BEIJING - China called for cooler heads to prevail
in a dispute over product safety on Wednesday, accusing critics of exploiting
concerns about specific cases to erect barriers to its exports in general.
In the latest incident, the Dominican Republic has banned the sale of two
brands of Chinese toothpaste for allegedly containing a lethal chemical
responsible for dozens of poisoning deaths in Panama last year.
A company under investigation for exporting the toothpaste, Danyang Household
Chemical Company, defended its product.
"Toothpaste is not something you'd swallow, but spit out, and so it's totally
different from something you would eat," one company manager, who declined to be
identified, said by telephone from the eastern province of Jiangsu.
China said on Wednesday it had called on customs officials and directors of
its food and quality watchdogs to form an investigative team to probe the
"Investigations in Beijing and Jiangsu province have been launched into the
relevant companies and parties," a notice posted on the Web site of the General
Administration of Quality Supervision, Inspection and Quarantine said.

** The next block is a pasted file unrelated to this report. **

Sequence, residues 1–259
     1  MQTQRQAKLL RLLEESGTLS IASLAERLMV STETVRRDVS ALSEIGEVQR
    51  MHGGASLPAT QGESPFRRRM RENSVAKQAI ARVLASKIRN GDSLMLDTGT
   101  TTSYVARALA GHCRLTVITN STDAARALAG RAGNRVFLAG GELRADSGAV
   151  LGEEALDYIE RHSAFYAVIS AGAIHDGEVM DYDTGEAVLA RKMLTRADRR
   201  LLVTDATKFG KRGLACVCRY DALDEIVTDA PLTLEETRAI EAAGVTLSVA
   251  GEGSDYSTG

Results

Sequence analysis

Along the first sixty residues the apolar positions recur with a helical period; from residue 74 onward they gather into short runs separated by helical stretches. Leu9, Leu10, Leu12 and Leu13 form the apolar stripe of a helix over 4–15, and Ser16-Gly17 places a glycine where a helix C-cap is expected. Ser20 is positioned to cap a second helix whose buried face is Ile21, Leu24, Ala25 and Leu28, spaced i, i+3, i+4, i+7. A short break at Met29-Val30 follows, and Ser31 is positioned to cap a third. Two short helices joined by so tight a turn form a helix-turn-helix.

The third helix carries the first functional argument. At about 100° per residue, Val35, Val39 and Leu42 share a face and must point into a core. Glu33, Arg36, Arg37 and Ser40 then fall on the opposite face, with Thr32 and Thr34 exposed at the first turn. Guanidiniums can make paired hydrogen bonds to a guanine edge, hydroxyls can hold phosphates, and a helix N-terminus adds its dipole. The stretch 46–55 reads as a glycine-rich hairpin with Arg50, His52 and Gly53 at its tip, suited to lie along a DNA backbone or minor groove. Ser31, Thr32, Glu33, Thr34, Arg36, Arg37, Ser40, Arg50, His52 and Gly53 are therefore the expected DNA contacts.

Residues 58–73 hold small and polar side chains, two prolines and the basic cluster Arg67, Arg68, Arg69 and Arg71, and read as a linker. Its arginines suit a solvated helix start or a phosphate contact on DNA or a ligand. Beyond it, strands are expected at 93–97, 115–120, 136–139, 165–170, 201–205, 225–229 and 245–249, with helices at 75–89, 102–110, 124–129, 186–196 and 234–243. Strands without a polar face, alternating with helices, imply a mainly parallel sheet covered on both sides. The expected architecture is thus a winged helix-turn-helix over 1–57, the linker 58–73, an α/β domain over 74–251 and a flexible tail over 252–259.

Consumers in the United States have been alarmed by a spate of pet deaths
blamed on tainted wheat gluten and rice protein exported from China, as well as
reports of toxins and disease in other Chinese exports.
That has helped make food safety the latest flashpoint in often tense trade
ties between the nations, who have sparred over everything from piracy to
China's currency system.
Vice Premier Wu Yi is in Washington this week for the latest round of
dialogue aimed at finding long-term solutions to trade and economic irritants,
in particular the United States' frustration over its huge trade deficit with
But senior US officials who took part in the talks singled out the safety of
Chinese food and medicine as among Washington's "top concerns."
"The Chinese government clearly understands the world marketplace will
swiftly disadvantage any nation or economy or firm that is not able to establish
a sense of confidence and reliability," Agriculture Secretary Mike Johanns said
at the conclusion of two days of high-level talks.
But with US officials pressing for more transparent regulation and for
Beijing's permission to send US auditors to China, food safety talks will
continue throughout the week.